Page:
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Propaganda and Culture in Mao's China$
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Timothy Cheek

Print publication date: 1997

Print ISBN-13: 9780198290667

Published to Oxford Scholarship Online: October 2011

DOI: 10.1093/acprof:oso/9780198290667.001.0001

Conclusion: Broken Jade

Chapter:
(p.307) Conclusion: Broken Jade
Source:
Propaganda and Culture in Mao's China
Author(s):

Timothy Cheek

Publisher:
Oxford University Press
DOI:10.1093/acprof:oso/9780198290667.003.0008

In honouring Deng Tuo, his colleagues refer to him as ‘broken jade’. Educated counsellors to the ruler, whom today would generally be considered as intellectuals, have long been referred to as jade in China. Not only the man but his career as a scholar-cadre in the Chinese Communist Party (CCP) is ‘broken jade’. Deng Tuo's charismatic role in the public arena was struck down in the Cultural Revolution and with it the priestly vocation of the Maoist cadre. Finally, the ideological system Deng Tuo served, Maoism, has shattered. In truth, Maoism was as precious as jade to Deng Tuo, and to many who served with him. It is with the pieces of Deng Tuo's life, vocation, and beliefs that his successors must fashion their future and China's.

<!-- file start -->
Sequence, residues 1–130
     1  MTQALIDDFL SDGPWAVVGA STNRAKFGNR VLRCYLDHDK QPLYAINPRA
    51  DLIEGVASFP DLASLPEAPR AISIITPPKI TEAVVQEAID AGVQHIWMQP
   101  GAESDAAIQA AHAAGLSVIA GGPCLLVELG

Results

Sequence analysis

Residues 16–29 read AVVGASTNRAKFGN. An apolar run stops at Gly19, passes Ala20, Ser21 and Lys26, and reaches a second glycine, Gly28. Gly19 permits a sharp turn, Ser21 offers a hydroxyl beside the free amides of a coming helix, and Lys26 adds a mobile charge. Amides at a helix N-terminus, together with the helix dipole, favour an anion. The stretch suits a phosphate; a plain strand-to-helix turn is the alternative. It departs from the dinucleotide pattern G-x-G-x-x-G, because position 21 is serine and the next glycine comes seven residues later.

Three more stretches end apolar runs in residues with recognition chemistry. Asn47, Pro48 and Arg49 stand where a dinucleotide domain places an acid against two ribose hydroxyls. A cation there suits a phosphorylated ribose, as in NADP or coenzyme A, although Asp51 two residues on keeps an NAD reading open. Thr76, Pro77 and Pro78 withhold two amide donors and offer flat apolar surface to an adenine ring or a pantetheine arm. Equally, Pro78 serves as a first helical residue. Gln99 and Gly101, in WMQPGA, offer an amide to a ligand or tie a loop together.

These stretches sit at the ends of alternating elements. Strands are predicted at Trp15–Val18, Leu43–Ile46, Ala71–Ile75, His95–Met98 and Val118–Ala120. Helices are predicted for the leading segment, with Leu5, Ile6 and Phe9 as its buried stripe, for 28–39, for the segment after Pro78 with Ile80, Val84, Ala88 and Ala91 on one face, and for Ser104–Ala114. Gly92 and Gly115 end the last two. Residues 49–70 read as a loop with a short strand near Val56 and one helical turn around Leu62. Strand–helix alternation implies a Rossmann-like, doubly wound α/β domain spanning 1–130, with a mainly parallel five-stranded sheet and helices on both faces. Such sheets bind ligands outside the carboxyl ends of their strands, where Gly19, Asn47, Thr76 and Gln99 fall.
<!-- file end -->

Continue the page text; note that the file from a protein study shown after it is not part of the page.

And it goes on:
Keywords:   Deng Tuo, broken jade, Chinese Communist Party, CCP, Cultural Revolution, Maoism

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